Sound and vision blog

Sound and moving images from the British Library


Discover more about the British Library's 6 million sound recordings and the access we provide to thousands of moving images. Comments and feedback are welcomed. Read more

25 October 2016

Black History Month – Cullen Maiden

Gray Chapel

Cullen Maiden in performance at Gray Chapel, Ohio Wesleyan University

Photo: Cullen Maiden collection British Library

In March 2015 I acquired for the British Library the archive of singer Cullen Maiden from his widow Christine Hall-Maiden.  In 1964 she was working in Italy as secretary to screenwriter Troy Kennedy Martin, co-creator of TV series Z-Cars and scriptwriter of The Italian Job (1969), when she met Cullen who at the time was studying with Luigi Ricci of the Rome Opera House.

Born in 1932, Cullen Maiden was an African-American who grew up in Cleveland, Ohio but at the time of his graduation he was already following many pursuits – singing in various choirs, forming his own R ‘n’ B group The Caspians, and, as well as acting on the stage, he was also trained as a boxer by Tiger Fann.  Maiden studied singing at Ohio Wesleyan University from where he received his Bachelor of Music degree and continued his studies at Juilliard School of Music in New York.  The Rockefeller Foundation Opera Voice Scholarship afforded him the opportunity to study in Munich.

In the early 1950s, while still studying at the Ohio Wesleyan University, Maiden won the vocal section of the Cleveland Music and Dance Festival.  He was invited to appear on local radio where he performed his winning selection Il Lacerato Spirito from Verdi’s Simon Boccanegra.

Simon Boccanegra

Like many artistically talented African-Americans, Maiden found he could get far more work in Europe than the United States so, in the late 1960s, he joined the Komische Oper Berlin where he gained a favourable reputation for his portrayal of Porgy in Gershwin’s Porgy and Bess. He also worked in Scandinavia and finally settled in London.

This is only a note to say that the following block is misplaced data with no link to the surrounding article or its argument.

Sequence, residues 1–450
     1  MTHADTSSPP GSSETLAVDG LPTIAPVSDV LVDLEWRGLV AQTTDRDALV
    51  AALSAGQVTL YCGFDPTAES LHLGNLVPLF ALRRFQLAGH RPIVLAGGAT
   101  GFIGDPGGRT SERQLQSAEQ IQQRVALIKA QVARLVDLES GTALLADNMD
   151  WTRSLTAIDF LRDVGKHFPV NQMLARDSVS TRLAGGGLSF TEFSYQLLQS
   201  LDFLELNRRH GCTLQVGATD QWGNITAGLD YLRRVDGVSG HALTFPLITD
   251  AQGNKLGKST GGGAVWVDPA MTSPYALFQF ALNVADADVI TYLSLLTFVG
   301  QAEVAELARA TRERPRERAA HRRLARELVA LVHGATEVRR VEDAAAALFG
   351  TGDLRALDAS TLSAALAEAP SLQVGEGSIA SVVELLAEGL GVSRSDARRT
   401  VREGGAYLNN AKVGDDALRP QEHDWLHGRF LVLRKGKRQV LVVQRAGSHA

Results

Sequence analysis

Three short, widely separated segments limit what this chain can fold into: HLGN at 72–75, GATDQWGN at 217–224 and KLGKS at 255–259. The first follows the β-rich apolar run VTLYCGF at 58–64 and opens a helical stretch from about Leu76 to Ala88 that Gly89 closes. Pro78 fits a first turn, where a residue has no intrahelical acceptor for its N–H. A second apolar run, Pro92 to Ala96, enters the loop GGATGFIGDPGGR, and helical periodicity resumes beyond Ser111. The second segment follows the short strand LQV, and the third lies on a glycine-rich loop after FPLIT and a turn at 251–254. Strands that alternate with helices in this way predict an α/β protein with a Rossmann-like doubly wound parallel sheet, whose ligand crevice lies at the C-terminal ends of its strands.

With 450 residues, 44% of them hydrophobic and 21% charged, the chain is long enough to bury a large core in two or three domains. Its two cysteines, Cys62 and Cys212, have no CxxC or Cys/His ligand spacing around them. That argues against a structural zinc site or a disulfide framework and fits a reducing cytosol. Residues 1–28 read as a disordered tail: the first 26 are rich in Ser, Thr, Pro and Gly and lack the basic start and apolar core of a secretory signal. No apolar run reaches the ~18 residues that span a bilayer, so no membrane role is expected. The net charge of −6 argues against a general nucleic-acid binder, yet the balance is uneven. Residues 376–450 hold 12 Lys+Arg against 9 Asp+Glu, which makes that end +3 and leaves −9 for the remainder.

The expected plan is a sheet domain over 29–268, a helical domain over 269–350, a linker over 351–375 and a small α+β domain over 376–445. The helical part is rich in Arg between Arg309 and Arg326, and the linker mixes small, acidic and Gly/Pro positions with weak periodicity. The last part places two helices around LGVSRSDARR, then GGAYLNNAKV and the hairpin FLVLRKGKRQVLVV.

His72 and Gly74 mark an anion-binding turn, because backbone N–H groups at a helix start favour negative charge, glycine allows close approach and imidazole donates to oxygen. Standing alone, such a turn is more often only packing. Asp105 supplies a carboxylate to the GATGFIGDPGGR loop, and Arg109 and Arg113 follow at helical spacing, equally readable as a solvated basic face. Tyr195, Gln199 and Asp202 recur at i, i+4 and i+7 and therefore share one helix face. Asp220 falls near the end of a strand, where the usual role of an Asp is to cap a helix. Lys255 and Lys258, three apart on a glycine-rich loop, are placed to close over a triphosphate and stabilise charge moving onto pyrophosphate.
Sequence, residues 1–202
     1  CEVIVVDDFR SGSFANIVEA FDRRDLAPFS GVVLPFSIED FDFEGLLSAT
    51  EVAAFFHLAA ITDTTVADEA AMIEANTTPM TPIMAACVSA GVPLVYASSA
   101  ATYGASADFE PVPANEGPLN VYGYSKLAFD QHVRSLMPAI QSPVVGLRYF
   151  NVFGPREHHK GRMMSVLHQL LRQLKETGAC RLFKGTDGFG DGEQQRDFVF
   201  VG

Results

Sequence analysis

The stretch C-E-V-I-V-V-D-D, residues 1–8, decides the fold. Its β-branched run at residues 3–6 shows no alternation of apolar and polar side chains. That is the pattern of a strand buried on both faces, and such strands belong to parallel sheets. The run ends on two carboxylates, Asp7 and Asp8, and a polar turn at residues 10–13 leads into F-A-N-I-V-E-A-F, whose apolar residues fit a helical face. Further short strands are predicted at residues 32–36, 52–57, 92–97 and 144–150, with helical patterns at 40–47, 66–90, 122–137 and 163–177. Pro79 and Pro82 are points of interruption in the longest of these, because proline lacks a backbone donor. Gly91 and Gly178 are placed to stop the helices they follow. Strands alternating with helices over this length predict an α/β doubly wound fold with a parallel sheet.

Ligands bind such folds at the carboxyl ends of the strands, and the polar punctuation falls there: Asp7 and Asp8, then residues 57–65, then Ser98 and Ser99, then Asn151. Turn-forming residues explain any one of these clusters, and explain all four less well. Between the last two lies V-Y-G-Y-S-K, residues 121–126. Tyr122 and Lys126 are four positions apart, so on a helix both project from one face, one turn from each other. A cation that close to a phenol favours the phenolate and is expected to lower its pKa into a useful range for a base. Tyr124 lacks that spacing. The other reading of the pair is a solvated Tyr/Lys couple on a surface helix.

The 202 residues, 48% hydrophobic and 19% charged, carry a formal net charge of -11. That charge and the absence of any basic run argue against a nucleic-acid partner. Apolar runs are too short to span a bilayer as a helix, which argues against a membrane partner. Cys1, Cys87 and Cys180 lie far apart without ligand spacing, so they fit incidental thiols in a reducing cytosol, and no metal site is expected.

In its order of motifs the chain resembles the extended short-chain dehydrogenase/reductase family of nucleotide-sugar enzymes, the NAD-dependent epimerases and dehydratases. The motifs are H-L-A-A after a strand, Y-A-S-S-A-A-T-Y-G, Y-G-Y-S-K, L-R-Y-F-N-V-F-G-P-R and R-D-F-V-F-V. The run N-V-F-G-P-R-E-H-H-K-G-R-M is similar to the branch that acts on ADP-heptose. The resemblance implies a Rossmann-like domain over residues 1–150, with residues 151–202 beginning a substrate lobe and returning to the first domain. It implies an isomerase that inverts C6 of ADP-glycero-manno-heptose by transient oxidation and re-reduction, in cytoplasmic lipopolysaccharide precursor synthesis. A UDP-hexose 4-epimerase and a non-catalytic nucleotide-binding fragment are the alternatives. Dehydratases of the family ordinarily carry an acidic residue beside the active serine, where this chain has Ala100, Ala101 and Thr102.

Cullen Maiden as Porgy in Porgy and Bess

Photo: Cullen Maiden collection British Library

During his military service he made goodwill concert tours for the American Embassy and the Army in Korea during 1957 and 1958 and sang opera concerts with the Seoul Symphony Orchestra.

Highlights of his career include a tour with the Katherine Dunnan Dance Company as a singer soloist and a tour of the US with the Harry Belafonte Folk Singers.  Cullen appeared with the Leipzig Gewandhaus Orchestra and Kurt Masur and in many of the opera houses of Germany.

Here is an extract from a 1973 concert performance of I got plenty of nothing from Gershwin's Porgy and Bess with Masur and the Leipzig Gewandhaus Orchestra.

I got plenty of nothing

Cullen Maiden was also a composer, writer and poet.  He provided the score for the 1970 German documentary Strange Fruit.  In New York at the Seven Arts Art Gallery he performed with Allen Ginsburg and Jack Kerouac and in April 1966 appeared on a BBC radio poetry programme with Seamus Heaney.  In 2008 Maiden published Soul on Fire,  a collection of his poems and writings.

24 October 2016

Recording of the Week: Temporary Home

This week's selection comes from Andrea Zarza Canova, Curator of World and Traditional Music.

This recording of Tristan de Cunha islander Mary Swain was made by Peter Kennedy and Maud Karpeles in Calshot, Hampshire, in August 1962. Tristan de Cunha islanders were evacuated from their homes after the 1961 eruption of Queen Mary’s Peak took place and temporarily housed in an old Royal Air Force camp outside of Hampshire, in the United Kingdom. Most families returned to Tristan de Cunha in 1963.